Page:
Most people view pirates as bandits dressed in funny outfits who sail around the world stealing treasure and stashing it on small, hidden islands. This may be a fun way to imagine the world, but modern day pirates are a real concern for shipping companies. Instead of stealing golden treasure, pirates commandeer ships with precious cargo and demand large ransoms from its owners. Chevron was the target of a recent attack off the coast of Nigeria. Although very little information has been released, it is known that armed men boarded the oil supply vessel and t the crew ookand vessel hostage. The International Maritime Bureau says that pirate attacks in the Gulf of Aden and the Indian Ocean reached record levels in the first nine months of the year. International Maritime Bureau Director Pottengal Mukendan reported that there were 352 attacks worldwide from January to September; however he notes that actual seizures have dropped from last year.
These attacks, mainly carried out by Somali pirates and outlaws from countries with dysfunctional government regimes, are costing the global shipping industry more than $9 billion each year through higher shipping costs and ransom payments. These costs are being passed on to businesses shipping the products, and eventually will threaten the supply of some resources - namely oil. To combat this issue many ships have taken independent steps to provide armed protection for their crews and vessels. Security firm G4S has started to provide armed protection services and proactive anti-pirate training while Britain has just passed a law allowing British ships to officially carry armed security. Some vessels have chosen to take a non-violent approach by using new technology such as skunk-smelling water and propeller-tangling ropes to thwart pirate attacks.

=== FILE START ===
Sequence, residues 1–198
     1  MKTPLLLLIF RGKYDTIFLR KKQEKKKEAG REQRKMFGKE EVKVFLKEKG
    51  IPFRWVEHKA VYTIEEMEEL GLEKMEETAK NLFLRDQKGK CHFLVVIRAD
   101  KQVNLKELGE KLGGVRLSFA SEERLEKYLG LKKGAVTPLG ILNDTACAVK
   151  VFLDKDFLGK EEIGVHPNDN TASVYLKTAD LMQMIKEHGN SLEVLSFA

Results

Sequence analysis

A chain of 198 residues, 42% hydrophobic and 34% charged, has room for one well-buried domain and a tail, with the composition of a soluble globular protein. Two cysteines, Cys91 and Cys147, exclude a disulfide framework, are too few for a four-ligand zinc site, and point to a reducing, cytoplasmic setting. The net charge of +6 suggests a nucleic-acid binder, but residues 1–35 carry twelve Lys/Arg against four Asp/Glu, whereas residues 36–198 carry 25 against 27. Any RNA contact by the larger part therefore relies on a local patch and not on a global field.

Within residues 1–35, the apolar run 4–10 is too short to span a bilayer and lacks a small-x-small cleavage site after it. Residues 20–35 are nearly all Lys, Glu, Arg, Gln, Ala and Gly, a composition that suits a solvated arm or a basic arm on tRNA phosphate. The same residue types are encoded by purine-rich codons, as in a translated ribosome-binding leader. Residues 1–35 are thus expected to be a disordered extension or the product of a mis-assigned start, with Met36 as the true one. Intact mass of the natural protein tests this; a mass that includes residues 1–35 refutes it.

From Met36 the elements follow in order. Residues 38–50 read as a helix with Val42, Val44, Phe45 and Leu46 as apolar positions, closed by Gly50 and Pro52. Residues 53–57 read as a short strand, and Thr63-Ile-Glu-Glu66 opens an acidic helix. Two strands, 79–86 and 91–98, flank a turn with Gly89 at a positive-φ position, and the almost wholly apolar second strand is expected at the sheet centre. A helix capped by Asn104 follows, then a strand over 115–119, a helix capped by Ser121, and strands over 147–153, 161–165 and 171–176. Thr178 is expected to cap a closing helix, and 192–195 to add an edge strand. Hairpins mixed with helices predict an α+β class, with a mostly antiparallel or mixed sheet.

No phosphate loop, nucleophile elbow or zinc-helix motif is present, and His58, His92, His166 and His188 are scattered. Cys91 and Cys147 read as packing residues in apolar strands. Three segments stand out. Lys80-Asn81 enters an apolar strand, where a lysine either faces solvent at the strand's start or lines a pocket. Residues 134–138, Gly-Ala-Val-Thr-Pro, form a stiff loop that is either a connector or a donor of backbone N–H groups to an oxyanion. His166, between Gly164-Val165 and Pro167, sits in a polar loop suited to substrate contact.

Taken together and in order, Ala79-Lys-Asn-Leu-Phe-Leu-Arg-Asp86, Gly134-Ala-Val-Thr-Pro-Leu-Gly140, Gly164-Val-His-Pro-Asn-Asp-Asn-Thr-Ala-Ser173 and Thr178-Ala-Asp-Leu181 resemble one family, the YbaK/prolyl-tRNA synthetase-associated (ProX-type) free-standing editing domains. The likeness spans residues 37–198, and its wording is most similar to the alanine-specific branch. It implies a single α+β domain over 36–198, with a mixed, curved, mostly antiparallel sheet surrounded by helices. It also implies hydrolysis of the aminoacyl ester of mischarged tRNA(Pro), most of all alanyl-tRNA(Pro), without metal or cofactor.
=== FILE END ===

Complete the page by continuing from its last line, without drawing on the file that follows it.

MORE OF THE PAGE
Many experts suggest that the only way to stop this problem is for vessel owners to stop paying ransoms. Somali pirates have found that this is a very lucrative business and the only way to deter their attacks is to make them uneconomical. While the US has already advised ship owners not to pay ransoms, complicated international laws have made it difficult to determine who is in charge of the region, making a coordinated defense almost impossible. It has become apparent that this is not only an economic danger, but people's lives are also on the line. Ship owners must make a decision between better protecting their ships or changing their shipping routes to avoid these regions.